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Introduce Yourself Neighbor!
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  • Post #61 - February 25th, 2008, 9:40 pm
    Post #61 - February 25th, 2008, 9:40 pm Post #61 - February 25th, 2008, 9:40 pm
    PS. If you can catch them when they're open, a great place for Georgian food is Sh. Rustavelli's, where we had an Evanston Lunch Group not long ago...lots of Ohio expats here, myself and 'spouse included...
  • Post #62 - February 25th, 2008, 10:34 pm
    Post #62 - February 25th, 2008, 10:34 pm Post #62 - February 25th, 2008, 10:34 pm
    I guess I am at the point where I am ready to step out of my online anonymity, especially since I will attend my first LTH event next month. My name is Eric and despite my handle and interests in Spanish and Latin American cuisines, I am hardly a Spanish speaker and have no Spanish or Latin American ancestry. My work as a chef in a kitchen with Spanish speaking employees is how I gained the nickname Jefe. I have been a cook for eight years- chef for four, but only seasonally (summer) at a 96 year-old artist's residency program in Saugatuck, MI. It is a magical environment and particularly inspiring in its natural beauty. The west coast of Michigan yields an amazing agricultural bounty due to its more temperate lake effected seasons and I am incredibly fortunate to have learned to cook professionally with access to sustainable agriculture- heirloom produce, grass fed meats, artisanal cheeses, breads, and gelato, etc. First and foremost I am an artist- trained in painting at the Art Institute and I am actively engaged in the Chicago art scene. In the fall of 2006 I opened a nonprofit art center in Noble Square, which has been an incredible journey in its short history so far- I have had the pleasure of working with over 100 local and national artists at my space. I am also a semi-professional DJ. You've got to piece together a career when your degree is a bachelor in fine arts!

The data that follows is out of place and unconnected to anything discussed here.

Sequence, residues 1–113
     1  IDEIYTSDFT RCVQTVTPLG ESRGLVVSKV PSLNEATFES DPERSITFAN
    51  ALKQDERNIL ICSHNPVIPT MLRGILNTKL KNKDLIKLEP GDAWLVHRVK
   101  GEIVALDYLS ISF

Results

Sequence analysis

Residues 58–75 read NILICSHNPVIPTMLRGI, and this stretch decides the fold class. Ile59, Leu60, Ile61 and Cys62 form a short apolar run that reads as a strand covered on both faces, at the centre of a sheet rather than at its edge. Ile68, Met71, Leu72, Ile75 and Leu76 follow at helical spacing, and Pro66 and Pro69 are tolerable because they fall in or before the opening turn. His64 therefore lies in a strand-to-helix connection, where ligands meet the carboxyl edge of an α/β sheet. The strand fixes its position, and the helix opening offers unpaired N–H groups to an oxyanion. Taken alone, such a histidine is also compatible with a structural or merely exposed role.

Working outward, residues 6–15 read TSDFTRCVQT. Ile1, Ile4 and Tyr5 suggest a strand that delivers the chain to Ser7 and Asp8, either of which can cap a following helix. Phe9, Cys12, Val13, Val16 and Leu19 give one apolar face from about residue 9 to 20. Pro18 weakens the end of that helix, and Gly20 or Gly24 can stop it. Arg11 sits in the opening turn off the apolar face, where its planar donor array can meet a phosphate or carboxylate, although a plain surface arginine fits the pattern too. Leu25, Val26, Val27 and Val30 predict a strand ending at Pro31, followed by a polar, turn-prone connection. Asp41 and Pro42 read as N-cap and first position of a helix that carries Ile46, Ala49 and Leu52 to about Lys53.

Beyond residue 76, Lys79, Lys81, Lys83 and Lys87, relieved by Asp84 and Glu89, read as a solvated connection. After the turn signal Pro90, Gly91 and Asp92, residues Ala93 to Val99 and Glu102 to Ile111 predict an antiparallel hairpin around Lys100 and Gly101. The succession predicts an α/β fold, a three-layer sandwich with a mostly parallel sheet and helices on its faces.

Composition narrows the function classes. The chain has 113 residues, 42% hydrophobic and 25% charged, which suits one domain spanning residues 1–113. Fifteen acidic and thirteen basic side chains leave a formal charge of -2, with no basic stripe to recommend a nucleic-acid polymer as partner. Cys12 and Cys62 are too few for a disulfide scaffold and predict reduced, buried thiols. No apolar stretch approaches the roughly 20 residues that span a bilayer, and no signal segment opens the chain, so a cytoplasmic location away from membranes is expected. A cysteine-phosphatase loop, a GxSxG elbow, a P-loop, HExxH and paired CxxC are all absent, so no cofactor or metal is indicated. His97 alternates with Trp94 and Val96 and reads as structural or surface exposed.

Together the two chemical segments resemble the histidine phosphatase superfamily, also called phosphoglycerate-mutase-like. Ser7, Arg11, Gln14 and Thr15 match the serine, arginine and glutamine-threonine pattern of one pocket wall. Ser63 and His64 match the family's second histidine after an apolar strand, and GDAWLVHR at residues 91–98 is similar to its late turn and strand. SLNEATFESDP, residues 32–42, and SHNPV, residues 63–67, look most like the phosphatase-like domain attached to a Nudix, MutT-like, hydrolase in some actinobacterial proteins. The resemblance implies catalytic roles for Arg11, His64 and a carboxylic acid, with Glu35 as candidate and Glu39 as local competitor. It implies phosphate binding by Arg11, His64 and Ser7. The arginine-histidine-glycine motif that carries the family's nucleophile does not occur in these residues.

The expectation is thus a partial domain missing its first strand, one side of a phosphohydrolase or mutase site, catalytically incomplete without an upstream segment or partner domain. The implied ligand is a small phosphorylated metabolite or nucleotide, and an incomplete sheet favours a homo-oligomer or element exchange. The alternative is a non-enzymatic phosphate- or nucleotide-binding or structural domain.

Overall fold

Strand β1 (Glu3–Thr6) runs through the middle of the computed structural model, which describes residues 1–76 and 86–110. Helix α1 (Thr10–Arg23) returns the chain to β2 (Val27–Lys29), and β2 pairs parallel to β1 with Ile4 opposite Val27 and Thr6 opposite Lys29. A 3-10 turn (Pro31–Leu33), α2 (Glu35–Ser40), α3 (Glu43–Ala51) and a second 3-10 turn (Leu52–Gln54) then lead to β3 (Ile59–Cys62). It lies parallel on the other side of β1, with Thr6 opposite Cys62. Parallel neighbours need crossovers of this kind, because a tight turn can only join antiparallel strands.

Chicago food-wise, I grew up in the south suburbs where there was a proliferation of dogs, beefs, and pizza. There was also good Mexican nearby, so I got an early start with that. My family turned vegetarian in my early teens and that was surprisingly influential in my taste for new cuisines- other kids ate spaghetti and meatballs and meatloaf, while I ate falafel and ma po tofu (sans ground pork)! I moved to the city in 1997 and have actively explored our culinary landscape (always according to my often low budget). My interest perked in LTH first through the reviews of Mike Sula in the Reader and then after I received the Slow Food Guide to Chicago for an X-mas present and the only two chapters that provided any new and exciting info for me were the BBQ and Chinese chapters (thanks, Gary!); (EDIT: and discovering Erik M's translated menu at Sticky Rice). I've never had too much time behind a computer screen in my professional pursuits and finally picked up my first laptop about a year and a half ago. And ever since I gradually have become enticed by the insight and conviviality of this community!